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dc.contributor.authorAyaz, S.
dc.date.accessioned2010-03-09T00:40:16Z
dc.date.available2010-03-09T00:40:16Z
dc.date.issued2001
dc.identifier.urihttps://hdl.handle.net/10182/1456
dc.description.abstractGrain legumes have the potential to be high yielding crops in Canterbury. However, like most grain legumes the problem of harvest index (HI) variability in Cicer arietinum, Lens culinaris, Lupinus angustifolius and Pisum sativum hinders the realisation of their full potential yield. In 1998/99, the four species were sown at four populations, viz. lentils cv. Rajah (15, 150, 300 and 600 plants m⁻²), desi chickpeas (5, 50, 100 and 200 plants m⁻²), lupins cv. Fest and field peas cv. Beacon (10, 100,200 and 400 plants m⁻²). In 1999/2000, all species were grown at the same three plant populations (10, 100 and 400 plants m⁻²) and at three sowing depths (2, 5 and 10 cm). Also a central plant was treated with N surrounded by other four plants to determine neighbouring plant effects, under ideal conditions. Agronomic and physiological parameters were measured to identify the causes of HI variability in grain legumes in relation to season, different populations, sowing depths and N application. Seed yield depended on the interaction between species and plant population, and species and sowing depth at harvest maturity. The highest potential seed yield of > 6.5 t ha⁻¹ in chickpeas and lupins, and about 4.5 t ha⁻¹ in lentils and peas was recorded at the higher plant populations. Seed yield was doubled at the higher populations compared to the lowest population. Trends were similar for total dry matter (TDM) production. The increase in seed yield due to population was a function of greater TDM production, crop HI (CHI), pods m⁻² and mean seed weight. The CHI values were variable and ranged from 0.31 to 0.66 over species and populations across seasons. Averaged over both seasons, the CHI was 0.59 in lentils and 0.49 in lupins, while chickpeas and peas were intermediate with 0.54 and 0.56, respectively. Sowing depth contributed less to variation in yield and yield components. Seed yield and CHI were strongly correlated both seasons. The number of pods m⁻² was the major yield component and correlated nearly perfectly with seed yield and CHI in both trials. Green area index (GAI), intercepted radiation (Fᵢ) radiation use efficiency (RUE) and total seasonal intercepted PAR significantly (P < 0.001) increased with increased plant population. Lupins produced the greatest maximum biomass and intercepted more radiation than the other three legumes. In all species in both trials the highest populations reached their peak GAI about 7 - 10 days earlier than the low populations. The cumulative intercepted PAR had significant and positive association with seed yield and CHI. The RUE varied widely within and among species and populations. The RUE increased as plant population increased and was highest in the greatest yielding legume species. However, RUE was inversely related to the extinction coefficient (k) and was strongly associated with CHI. The relationships among individual plants were studied to quantify the influence of neighbouring plants using the principal axis model (PAM). The PAM was based on a principal axis, which represented the linear relationship (r²> 0.90) between SWT and PWT. A negative SWT-axis intercept was confirmed for each species in this study. Both mean SWT and PWT were inversely related to plant population. Yield, yield components and plant HI (PHI) were decreased significantly in the southerly plant compared with the N treated and with control plants. The PAM took into account the performance of individual plants and identified the variability and lowest or highest yielding plants. The relationship between PHI and PWT was asymptotic. The minimum plant weight (MPW) was species dependent and was highest for plants grown at the lowest population and decreased with increased population. In all four species N concentration was highest in seed followed by senescent leaves, while the lowest level was in straw. Lupins produced the greatest amount of seed N (16.82 and 19.29 g m⁻²) followed by chickpeas (10.26 and 13.10 g m⁻², during 1998/99 and 1999/2000, respectively). Lentils had the lowest N concentrations and yield in this study. The distribution of N to different parts of legumes increased with increased population. Averaged over all populations, the NHI was stable in each species across the two seasons. However, it changed with changed population and sowing depth. The N accumulation efficiency (EN) was highest in lentils (0.024 and 0.027 g N g⁻¹ DM) and lowest in chickpeas (0.018 and 0.021 g N g⁻¹ DM) in 1998/99 and 1999/2000, respectively. The NHI and the CHI were correlated and both were strongly associated with seed yield.en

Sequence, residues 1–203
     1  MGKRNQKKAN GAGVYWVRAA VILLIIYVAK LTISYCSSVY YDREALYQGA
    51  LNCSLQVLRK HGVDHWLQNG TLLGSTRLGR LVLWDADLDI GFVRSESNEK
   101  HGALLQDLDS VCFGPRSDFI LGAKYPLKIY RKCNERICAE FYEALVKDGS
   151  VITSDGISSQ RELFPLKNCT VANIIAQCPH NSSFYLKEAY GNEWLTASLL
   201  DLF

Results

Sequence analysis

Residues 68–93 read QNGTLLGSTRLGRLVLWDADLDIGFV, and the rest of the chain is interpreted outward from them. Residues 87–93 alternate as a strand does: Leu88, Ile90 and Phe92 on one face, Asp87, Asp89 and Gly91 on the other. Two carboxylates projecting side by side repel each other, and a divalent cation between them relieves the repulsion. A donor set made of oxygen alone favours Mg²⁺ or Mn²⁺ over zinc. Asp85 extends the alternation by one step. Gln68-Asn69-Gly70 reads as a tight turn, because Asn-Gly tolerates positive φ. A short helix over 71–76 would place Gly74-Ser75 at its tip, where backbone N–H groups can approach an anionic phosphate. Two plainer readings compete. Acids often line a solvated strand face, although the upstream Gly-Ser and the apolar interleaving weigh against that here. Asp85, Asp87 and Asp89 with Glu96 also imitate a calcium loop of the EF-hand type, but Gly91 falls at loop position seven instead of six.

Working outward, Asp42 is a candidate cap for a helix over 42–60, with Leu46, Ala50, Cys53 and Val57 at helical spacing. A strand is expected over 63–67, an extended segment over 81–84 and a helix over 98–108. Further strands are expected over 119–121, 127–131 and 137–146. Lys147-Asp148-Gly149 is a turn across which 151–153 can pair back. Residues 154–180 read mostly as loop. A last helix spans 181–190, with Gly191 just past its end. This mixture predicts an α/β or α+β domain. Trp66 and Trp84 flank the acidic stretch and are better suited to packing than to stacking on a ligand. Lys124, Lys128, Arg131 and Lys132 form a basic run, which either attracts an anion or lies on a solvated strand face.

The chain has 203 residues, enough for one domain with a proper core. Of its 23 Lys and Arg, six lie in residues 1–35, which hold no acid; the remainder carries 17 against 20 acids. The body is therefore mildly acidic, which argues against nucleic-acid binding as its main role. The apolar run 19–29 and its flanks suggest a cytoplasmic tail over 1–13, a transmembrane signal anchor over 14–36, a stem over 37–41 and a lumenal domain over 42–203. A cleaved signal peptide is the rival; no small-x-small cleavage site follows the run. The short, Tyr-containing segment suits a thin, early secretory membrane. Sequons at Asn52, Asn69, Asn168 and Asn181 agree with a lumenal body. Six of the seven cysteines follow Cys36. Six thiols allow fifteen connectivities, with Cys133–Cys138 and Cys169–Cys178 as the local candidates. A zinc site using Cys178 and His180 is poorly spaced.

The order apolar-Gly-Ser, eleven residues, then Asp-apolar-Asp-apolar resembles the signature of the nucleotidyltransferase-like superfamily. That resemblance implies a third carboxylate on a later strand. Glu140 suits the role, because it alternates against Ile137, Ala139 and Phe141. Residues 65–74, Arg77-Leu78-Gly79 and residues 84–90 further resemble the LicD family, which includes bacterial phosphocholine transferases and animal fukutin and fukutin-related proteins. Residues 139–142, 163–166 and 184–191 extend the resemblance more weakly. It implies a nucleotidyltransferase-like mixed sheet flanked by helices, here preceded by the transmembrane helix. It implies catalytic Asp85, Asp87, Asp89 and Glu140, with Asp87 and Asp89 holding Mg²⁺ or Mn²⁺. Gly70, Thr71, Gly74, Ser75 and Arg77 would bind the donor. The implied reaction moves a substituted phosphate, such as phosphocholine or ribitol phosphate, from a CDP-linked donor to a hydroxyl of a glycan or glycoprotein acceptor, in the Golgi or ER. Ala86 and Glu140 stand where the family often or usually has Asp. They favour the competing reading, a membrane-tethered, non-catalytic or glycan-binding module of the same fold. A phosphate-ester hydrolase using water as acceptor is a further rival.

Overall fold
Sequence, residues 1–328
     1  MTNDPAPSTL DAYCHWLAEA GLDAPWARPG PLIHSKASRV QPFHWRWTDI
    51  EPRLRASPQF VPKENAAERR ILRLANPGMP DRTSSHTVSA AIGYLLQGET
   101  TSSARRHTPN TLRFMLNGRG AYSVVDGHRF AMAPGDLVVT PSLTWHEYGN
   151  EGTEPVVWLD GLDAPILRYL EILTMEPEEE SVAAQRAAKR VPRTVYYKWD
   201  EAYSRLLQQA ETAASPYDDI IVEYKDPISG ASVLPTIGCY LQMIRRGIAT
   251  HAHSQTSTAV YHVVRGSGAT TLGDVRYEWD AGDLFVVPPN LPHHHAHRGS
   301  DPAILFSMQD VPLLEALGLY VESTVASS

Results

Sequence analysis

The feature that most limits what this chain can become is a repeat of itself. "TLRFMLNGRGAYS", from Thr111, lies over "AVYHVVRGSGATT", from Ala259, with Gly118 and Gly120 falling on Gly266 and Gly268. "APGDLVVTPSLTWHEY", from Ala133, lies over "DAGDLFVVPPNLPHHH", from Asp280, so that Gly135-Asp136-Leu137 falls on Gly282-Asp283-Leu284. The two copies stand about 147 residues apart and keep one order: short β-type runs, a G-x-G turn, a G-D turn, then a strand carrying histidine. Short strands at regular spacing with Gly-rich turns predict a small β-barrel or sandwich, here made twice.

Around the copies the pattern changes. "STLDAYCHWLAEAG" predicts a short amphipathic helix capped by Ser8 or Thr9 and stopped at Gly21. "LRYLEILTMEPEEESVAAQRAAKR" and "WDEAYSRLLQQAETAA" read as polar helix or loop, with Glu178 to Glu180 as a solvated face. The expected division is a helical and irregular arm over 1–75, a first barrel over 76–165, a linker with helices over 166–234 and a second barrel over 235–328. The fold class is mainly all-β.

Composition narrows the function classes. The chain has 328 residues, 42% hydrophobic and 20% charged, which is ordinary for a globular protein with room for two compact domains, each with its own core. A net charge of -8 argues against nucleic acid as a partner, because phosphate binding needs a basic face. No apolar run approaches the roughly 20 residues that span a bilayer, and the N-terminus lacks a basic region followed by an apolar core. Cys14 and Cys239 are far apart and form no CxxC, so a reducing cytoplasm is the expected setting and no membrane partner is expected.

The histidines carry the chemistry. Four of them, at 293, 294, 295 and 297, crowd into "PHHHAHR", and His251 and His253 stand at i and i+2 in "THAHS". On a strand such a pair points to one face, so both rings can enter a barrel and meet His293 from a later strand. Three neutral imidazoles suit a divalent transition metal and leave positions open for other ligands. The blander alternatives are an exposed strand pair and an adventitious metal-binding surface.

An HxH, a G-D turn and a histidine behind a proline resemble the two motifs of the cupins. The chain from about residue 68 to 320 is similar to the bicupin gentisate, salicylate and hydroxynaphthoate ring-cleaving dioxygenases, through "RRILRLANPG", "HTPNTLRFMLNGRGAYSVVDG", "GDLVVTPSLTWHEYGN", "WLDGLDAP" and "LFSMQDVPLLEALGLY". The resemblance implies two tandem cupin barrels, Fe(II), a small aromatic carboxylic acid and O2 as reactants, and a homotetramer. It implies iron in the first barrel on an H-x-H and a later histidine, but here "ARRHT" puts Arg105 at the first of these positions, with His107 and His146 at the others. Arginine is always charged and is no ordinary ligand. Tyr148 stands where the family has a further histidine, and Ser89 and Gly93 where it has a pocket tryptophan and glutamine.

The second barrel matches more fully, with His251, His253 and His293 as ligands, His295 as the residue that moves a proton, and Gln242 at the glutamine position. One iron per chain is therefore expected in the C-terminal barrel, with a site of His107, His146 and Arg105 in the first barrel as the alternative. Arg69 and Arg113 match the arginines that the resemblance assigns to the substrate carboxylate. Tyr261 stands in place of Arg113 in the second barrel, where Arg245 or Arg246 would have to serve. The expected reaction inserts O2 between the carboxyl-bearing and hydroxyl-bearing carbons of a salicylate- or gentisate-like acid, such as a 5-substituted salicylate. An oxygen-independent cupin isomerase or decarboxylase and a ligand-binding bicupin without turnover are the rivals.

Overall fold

dc.language.isoenen
dc.publisherLincoln Universityen
dc.rights.urihttps://researcharchive.lincoln.ac.nz/page/rights
dc.subjectgrain legumesen
dc.subjectlentilsen
dc.subjectCicer arietinum L.en
dc.subjectchickpeasen
dc.subjectLens culinarisen
dc.subjectlupinsen
dc.subjectLupinus angustifoliusen
dc.subjectfield peasen
dc.subjectPisum sativumen
dc.subjectseed yielden
dc.subjectharvest index variabilityen
dc.subjectyield componentsen
dc.titleVariability of harvest index in four grain legume speciesen
dc.typeThesisen
thesis.degree.grantorLincoln Universityen
thesis.degree.levelDoctoralen
thesis.degree.nameDoctor of Philosophyen
dc.subject.marsdenFields of Research::300000 Agricultural, Veterinary and Environmental Sciences::300200 Crop and Pasture Production::300205 Agronomyen
lu.thesis.supervisorMcKenzie, Bruce


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